Causes of Pterygium
Studies show that there may also be a genetic predisposition to pterygium, with a higher prevalence occurring in men more than women.
Symptoms of Pterygium
Symptoms of pterygium include:
- Tissue in the inner or outer corner of the eye
- Dry eyes
- Redness of the eye
- Burning of the eye
- Blurry vision
In more severe cases, the pterygium may grow over the pupil and limit vision.
Surgical Treatment of Pterygium
In most mild cases of pterygium, artificial tears can be used to reduce dryness and irritation. For those patients with severe cases of pterygium and whose vision has been affected, different types of surgery are available. Surgery is the only way to definitively remove a pterygium, but it is not a perfect solution; it requires long-term follow-up, and the recurrence rate is between 30 to 40 percent.
Autologous Conjunctival Auto-Grafting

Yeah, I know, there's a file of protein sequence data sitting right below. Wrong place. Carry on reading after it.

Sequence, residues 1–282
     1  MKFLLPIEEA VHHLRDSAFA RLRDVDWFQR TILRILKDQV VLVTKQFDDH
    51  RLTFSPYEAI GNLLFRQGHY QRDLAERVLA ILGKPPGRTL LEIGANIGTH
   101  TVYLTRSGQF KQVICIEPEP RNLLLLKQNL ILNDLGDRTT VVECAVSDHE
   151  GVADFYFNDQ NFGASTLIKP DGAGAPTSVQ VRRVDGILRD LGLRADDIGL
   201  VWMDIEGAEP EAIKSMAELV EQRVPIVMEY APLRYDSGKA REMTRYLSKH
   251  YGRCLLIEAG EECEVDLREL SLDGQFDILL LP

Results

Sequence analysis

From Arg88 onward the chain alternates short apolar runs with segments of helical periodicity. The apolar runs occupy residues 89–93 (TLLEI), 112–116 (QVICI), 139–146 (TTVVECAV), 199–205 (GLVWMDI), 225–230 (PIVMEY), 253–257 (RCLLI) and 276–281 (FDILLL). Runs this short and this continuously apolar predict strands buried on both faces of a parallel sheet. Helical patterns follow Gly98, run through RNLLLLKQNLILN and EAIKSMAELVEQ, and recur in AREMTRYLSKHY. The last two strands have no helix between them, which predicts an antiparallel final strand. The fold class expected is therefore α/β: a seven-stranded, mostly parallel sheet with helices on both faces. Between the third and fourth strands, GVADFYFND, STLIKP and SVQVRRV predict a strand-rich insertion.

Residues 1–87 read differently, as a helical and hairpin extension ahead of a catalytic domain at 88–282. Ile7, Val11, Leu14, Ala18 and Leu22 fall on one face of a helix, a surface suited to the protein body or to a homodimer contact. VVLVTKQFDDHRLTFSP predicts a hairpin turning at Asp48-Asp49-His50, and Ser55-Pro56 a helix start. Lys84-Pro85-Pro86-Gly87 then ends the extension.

A safe and effective technique to surgically remove a pterygium is autologous conjunctival auto-grafting. The pterygium is removed as well as the tissue covering the conjunctiva. The tissue that is removed from the sclera is replaced by tissue that has been removed from the inside of the patient’s upper eyelid.
Amniotic Membrane Transplantation
Amniotic membrane transplantation is another safe and effective procedure to remove a pterygium. Donor tissue from an inner layer of the human placenta is used to reconstruct the surface of the eye. This type of graft encourages healing and reduces swelling.
Prevention of Pterygium
Sunglasses that block UV rays, particularly sunglasses that provide side coverage, are a good means of protection against pterygium. Wearing a hat with a brim to limit or block sunlight is also helpful. In hot, dry climates, artificial tears should be used to help lubricate the eyes.